The Other MLB Players on the List: How to Reveal Them and Move On
With the recent news of Alex Rodriguez testing positive for a banned performance enhancing drug in 2003 as part of MLB's "anonymous" testing policy, steroids have once again reared their ugly head.
Over the last couple of days, I have heard several sportscasters, reporters, and even former players suggest that the only way to put the issue of steroid usage in baseball behind us is to reveal the list of 103 other players who tested positive along with Alex Rodriguez.
Unfortunately, there is one major problem with that idea which will prevent the game of baseball from getting closure. It will allow the cheaters who beat the test to get away Scot-free, and continue to claim that they didn't use performance enhancing drugs to boost their stats.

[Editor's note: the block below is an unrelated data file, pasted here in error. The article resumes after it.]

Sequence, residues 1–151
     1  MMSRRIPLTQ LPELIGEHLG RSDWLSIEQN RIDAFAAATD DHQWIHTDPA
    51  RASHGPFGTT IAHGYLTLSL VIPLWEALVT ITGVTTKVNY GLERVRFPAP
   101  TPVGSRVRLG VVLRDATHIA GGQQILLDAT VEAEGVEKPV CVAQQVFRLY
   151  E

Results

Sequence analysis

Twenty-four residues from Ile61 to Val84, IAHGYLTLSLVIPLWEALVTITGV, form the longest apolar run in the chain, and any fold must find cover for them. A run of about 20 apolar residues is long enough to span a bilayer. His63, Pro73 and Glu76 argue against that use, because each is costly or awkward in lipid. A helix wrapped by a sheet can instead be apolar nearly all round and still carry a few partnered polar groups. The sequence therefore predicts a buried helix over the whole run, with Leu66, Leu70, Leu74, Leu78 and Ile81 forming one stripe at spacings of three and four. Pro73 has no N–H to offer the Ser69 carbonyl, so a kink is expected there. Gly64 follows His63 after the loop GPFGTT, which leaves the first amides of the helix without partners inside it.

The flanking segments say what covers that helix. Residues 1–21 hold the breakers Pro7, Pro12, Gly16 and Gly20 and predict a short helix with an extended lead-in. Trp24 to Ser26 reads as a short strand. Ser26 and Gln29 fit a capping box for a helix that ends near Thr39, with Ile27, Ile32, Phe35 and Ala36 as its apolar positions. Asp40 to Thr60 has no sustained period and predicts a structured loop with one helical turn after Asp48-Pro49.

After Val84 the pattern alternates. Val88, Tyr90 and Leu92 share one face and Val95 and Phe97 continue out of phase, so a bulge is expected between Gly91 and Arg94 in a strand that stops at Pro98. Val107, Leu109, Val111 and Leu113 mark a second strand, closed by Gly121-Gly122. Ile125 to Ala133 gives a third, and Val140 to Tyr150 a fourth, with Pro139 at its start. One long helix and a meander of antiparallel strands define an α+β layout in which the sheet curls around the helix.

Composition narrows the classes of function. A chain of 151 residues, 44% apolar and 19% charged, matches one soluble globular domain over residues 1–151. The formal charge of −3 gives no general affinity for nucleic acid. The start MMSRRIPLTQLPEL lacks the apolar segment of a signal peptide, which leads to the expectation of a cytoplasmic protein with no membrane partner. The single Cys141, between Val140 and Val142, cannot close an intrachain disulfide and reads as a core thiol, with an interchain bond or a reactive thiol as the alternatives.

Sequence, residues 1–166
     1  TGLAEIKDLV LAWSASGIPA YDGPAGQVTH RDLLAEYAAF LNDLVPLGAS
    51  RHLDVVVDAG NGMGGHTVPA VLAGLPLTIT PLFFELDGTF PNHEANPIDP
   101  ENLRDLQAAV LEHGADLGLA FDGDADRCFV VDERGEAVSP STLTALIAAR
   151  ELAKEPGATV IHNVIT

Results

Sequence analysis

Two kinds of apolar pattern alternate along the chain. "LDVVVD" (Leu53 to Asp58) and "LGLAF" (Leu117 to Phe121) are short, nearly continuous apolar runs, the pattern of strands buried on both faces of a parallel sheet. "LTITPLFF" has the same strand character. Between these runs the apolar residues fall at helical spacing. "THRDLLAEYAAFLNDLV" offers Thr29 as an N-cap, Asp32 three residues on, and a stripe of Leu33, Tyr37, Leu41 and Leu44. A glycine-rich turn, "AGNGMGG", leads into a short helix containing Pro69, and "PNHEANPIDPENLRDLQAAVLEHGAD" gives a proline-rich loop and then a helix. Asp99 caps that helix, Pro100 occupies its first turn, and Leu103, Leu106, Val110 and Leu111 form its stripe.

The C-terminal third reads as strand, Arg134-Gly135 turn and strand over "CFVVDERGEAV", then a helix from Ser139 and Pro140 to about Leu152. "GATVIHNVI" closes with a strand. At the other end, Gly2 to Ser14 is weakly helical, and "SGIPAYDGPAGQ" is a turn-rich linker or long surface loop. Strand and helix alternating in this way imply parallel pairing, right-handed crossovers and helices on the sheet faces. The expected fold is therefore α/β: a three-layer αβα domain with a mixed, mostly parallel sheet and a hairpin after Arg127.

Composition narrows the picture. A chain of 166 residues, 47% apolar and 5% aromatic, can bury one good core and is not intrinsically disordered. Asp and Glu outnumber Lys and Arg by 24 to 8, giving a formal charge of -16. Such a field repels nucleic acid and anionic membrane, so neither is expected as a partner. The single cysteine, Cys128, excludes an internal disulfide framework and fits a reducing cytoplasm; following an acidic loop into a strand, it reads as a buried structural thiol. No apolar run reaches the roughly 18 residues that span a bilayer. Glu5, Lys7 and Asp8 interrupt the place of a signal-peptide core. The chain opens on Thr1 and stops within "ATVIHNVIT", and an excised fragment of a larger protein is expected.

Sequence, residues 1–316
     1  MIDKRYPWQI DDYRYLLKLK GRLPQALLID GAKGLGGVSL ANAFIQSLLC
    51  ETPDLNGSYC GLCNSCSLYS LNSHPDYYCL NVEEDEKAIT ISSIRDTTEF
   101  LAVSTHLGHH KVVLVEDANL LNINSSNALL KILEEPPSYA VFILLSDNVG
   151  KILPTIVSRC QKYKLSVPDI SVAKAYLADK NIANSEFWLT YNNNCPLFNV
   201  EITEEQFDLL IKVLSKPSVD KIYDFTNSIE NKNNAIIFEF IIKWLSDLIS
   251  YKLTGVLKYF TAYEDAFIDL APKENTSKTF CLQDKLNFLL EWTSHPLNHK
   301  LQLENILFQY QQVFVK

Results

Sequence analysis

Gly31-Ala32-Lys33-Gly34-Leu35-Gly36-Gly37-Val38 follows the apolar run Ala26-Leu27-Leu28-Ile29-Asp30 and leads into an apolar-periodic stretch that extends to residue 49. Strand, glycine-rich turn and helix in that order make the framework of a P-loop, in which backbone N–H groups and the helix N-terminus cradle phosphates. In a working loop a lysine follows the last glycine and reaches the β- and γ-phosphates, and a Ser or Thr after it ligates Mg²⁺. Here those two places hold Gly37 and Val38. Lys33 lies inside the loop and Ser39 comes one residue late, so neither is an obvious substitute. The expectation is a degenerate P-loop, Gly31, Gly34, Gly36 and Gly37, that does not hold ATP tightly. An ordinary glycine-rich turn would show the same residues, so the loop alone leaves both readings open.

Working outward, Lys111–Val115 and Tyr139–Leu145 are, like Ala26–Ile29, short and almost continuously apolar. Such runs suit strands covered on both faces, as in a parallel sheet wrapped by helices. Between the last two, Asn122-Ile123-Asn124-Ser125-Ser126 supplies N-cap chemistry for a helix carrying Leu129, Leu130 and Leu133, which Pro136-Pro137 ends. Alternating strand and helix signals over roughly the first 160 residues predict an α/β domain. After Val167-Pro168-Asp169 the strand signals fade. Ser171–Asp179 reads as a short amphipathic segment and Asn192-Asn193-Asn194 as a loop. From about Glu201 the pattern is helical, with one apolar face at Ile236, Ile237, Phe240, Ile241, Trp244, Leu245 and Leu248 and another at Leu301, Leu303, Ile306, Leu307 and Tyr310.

We all know that the drug tests administered to all 1,000 MLB players in 2003 did not catch every user. Tests are not perfect, and the players themselves know that. However, there is no way for the players who used steroids for any part of the 2003 season to know if their name is actually on that list, considering that they were all administered a test at some point throughout the year.
Rather than simply reveal the list, I suggest that each player who was active in 2003 is asked under oath and with full immunity if there is any possible way their name is on the list of the 104 players that tested positive for steroids.
I guarantee that you will get more than 104 admissions. If anyone answers "no" and commits purjury under oath, they will be in the same boat as Barry Bonds and Roger Clemens.
Given the option of further persecution or closure, most players will come clean. Allowing the league to finally move forward with baseball and leave all of this boring steroid talk behind us.
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